JUSTICE FOR THE RICH, (IN)JUSTICE FOR THE POOR
JUSTICE FOR THE RICH, (IN)JUSTICE FOR THE POOR
The icon of Lady Justice is on blindfold because there should be no distinction on the parties concerned. “She has but one scale and weight, for the rich and poor, for the great and small,” writes William Penn, an English religious thinker and writer of the Quaker tradition, one of the early proponents of religious freedom.
But in the Philippines, and maybe in many other countries too, there is one justice for the rich, another for the poor; one justice for the great, another for the small.
On the one hand, Juanito Jose Diaz Remulla III, son of the Secretary of Justice, who imported substantial amount of illegal drugs worth more than a million pesos was released to the media only after three days from capture with intentionally blurred mug shots. On the other hand, Matthew Tanglao, a supermarket clerk, was imprisoned for stealing one can of corned beef worth 31 pesos with mug shots for all to see.
On the one hand, Remulla's case has been downgraded to possession of illegal drugs instead of importation of the same. He will not be tested for drug use. His father said once that drug users and drug lords are cockroaches. Now, he wished his son “redemption”. Sana all. On the other hand, some men who have nothing to do with illegal drugs in Payatas but whose name was on the list have no chance to redeem themselves. Without being tested or tried in court, they have been shot and killed.
On the one hand, President Marcos rejects calls for his father’s resignation. Never mind delicadeza which is missing among political servants of our time. On the other hand, the same President (and the previous one) upholds the incarceration of Leila de Lima, using trumped up charges and separation of powers as lame excuse. Never mind if the main witnesses against her recanted.
I recently asked the widows and orphans, on what they think about these events. Here are their replies:
“Lalo lang po nilang pinatutunayan na tanging mahihirap at maliliit na tao lamang, ang tingin nila ay ipis. Kung sana ang Tatay ng anak ko ay kamag-anak ni Remulla… Sana may ama pang tatawagin ang anak ko hanggang ngayon. Nagmamakaawa at nakaluhod ang asawa ko na huwag patayin dahil may mga anak at may sanggol. Pero hindi siya pinakinggan.”
“Kung binigyan sana ng pagkakataon na malitis ang kaso at hindi nila binaril na parang ipis, sana may matatawag na ama ang anak ko ngayon… Napatunayan ko po talaga na ang hustisya ay para lang sa mga taong may kapangyarihan.”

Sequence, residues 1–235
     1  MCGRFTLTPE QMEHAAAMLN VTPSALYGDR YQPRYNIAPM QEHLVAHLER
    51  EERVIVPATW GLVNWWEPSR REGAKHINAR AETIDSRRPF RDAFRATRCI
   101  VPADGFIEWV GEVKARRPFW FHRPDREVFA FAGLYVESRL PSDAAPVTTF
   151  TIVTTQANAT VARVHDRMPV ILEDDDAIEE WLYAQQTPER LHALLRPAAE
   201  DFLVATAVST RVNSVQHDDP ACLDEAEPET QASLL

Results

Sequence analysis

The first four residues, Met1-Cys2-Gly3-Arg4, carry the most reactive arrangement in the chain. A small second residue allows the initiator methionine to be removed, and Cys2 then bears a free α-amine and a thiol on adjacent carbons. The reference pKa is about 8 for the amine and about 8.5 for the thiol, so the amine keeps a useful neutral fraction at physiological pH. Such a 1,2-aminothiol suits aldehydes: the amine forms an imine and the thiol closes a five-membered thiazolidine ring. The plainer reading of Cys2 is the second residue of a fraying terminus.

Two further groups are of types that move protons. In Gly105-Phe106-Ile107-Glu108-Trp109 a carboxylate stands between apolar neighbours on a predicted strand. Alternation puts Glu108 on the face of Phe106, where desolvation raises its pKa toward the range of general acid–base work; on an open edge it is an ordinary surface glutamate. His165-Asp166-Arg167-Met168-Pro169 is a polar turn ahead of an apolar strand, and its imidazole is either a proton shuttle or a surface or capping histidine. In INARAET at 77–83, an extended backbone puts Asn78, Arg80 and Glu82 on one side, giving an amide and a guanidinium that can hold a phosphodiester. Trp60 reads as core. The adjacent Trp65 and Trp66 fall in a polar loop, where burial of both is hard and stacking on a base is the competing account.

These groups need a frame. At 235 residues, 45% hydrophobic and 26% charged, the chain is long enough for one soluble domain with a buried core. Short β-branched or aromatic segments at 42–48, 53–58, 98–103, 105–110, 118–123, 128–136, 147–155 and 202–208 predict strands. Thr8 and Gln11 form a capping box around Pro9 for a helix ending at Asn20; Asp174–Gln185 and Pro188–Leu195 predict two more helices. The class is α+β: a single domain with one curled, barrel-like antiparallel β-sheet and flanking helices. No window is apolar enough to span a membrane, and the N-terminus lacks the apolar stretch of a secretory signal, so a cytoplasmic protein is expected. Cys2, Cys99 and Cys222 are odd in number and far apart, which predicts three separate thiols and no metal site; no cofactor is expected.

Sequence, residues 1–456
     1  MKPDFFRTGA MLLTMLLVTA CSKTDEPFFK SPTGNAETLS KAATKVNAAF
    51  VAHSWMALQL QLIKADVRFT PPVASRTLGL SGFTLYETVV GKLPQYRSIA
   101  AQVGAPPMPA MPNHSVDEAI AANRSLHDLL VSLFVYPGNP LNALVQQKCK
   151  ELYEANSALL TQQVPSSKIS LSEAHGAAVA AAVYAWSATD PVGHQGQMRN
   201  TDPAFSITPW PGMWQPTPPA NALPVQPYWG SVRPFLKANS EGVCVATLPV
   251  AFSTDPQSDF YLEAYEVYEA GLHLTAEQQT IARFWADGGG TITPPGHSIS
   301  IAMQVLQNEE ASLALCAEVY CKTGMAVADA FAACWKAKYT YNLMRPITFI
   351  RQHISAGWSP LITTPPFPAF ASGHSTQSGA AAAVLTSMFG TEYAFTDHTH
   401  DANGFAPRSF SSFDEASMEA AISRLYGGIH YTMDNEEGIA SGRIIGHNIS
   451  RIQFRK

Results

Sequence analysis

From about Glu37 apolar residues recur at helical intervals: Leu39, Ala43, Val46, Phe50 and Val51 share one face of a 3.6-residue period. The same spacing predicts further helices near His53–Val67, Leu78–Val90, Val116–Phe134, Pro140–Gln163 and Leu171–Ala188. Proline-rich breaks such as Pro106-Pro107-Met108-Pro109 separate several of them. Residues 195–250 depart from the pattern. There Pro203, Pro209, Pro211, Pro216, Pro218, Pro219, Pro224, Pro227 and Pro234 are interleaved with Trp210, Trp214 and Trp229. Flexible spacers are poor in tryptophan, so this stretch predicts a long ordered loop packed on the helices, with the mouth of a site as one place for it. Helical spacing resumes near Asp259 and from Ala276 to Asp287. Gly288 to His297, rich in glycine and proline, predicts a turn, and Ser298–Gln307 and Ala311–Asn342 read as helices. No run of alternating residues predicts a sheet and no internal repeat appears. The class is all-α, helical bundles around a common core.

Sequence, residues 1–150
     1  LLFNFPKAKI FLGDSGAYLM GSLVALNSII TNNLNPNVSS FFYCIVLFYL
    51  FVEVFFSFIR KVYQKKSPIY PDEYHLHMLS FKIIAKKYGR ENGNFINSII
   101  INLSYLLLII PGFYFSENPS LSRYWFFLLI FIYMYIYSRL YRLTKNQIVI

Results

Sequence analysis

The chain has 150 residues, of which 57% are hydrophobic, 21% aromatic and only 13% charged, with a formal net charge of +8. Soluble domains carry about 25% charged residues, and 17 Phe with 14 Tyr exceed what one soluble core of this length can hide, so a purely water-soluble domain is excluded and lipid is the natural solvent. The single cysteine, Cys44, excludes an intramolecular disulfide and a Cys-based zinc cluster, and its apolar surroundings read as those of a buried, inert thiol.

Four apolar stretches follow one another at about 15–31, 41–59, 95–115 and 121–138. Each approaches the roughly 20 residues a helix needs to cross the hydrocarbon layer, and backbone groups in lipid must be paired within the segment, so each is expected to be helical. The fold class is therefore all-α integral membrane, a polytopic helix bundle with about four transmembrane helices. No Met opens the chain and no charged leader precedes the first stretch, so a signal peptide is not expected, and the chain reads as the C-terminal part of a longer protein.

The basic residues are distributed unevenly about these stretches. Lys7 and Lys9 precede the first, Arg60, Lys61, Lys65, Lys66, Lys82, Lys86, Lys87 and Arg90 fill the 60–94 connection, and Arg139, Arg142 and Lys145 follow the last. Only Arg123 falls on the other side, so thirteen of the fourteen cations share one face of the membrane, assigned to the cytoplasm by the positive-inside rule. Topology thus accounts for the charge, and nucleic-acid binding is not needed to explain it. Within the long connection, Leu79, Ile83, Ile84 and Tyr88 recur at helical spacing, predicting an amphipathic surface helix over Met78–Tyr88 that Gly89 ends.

“Mahirap po talagang maging kapos sa buhay. Lalo na kung wala kang pera at kapangyarihan. Yong media nakita mga post nila ng mga nahuli nila. Yong kapitbahay namin na ni-raid, binugbog yong lalaki ng walang kalaban-laban samantalang nandoon lang siya sa loob ng bahay. Grabe ang kapulisan. Nilalagay nila sa kamay nila ang batas.”
“The opposite of poverty is not wealth. The opposite of poverty is justice,” writes Bryan Stevenson, a social justice activist and lawyer. Poverty is not just absence of wealth. People are marginalized into poverty because society and its inequality led them there.
Justice is not just getting a fair hearing in court. That is the least we can expect from society — which the poor do not even get. But justice is beyond that; it is giving everyone equal opportunities in life — legal, economic, social, religious, cultural. We still have a long way to go.
Because society denies them these opportunities, the widows of Payatas (Solidarity with Orphans and Widows) strive to claim it for themselves. They suffered trauma and emotional distress. Some children saw how their fathers were killed on early mornings or middle of the night. They stood up to bind their own wounds themselves. They lost their breadwinners to Duterte’s War on Drugs. They learned skills to become breadwinners themselves. No one knew how to sew when we started. Some of them are too old learn new skills. But they did learn.
Duterte’s War on Drugs was a sham. It has failed. Yet his old minions and the leaders of this new administration continue to “rejoice” in his so-called “legacy”. But such legacy has failed. And their victims’ survival is a slap on their faces.
The killers and their apologists are falling down one after the other, starting with Remulla. The ICC probe will always be Duterte’s and his men’s nightmare. It will haunt them forever.
I will never forget what one old grandmother told when her son was killed: “Father, they want to kill us. No, we will show them, we will live”.
Now, that feelers to withdraw their cases are heard on the ground, they will never surrender. I asked them because I am worried about their being intimidated. No, they told me. They are fighting it to the end. No matter what it takes.
They live to tell their stories and indict their oppressors. And indict all of us, bystanders, who were quiet while our neighbors were slaughtered like pigs, like cockroaches.
The prophet Amos of old warns the leaders of Israel.
I hate, I despise your festivals,
and I take no delight in your solemn assemblies.
Even though you offer me your burnt offerings and grain offerings,
I will not accept them,
and the offerings of well-being of your fatted animals
I will not look upon.
Take away from me the noise of your songs;
I will not listen to the melody of your harps.
But let justice roll down like water
and righteousness like an ever-flowing stream. (Amos 5: 21-24)
Daniel Franklin Pilario, CM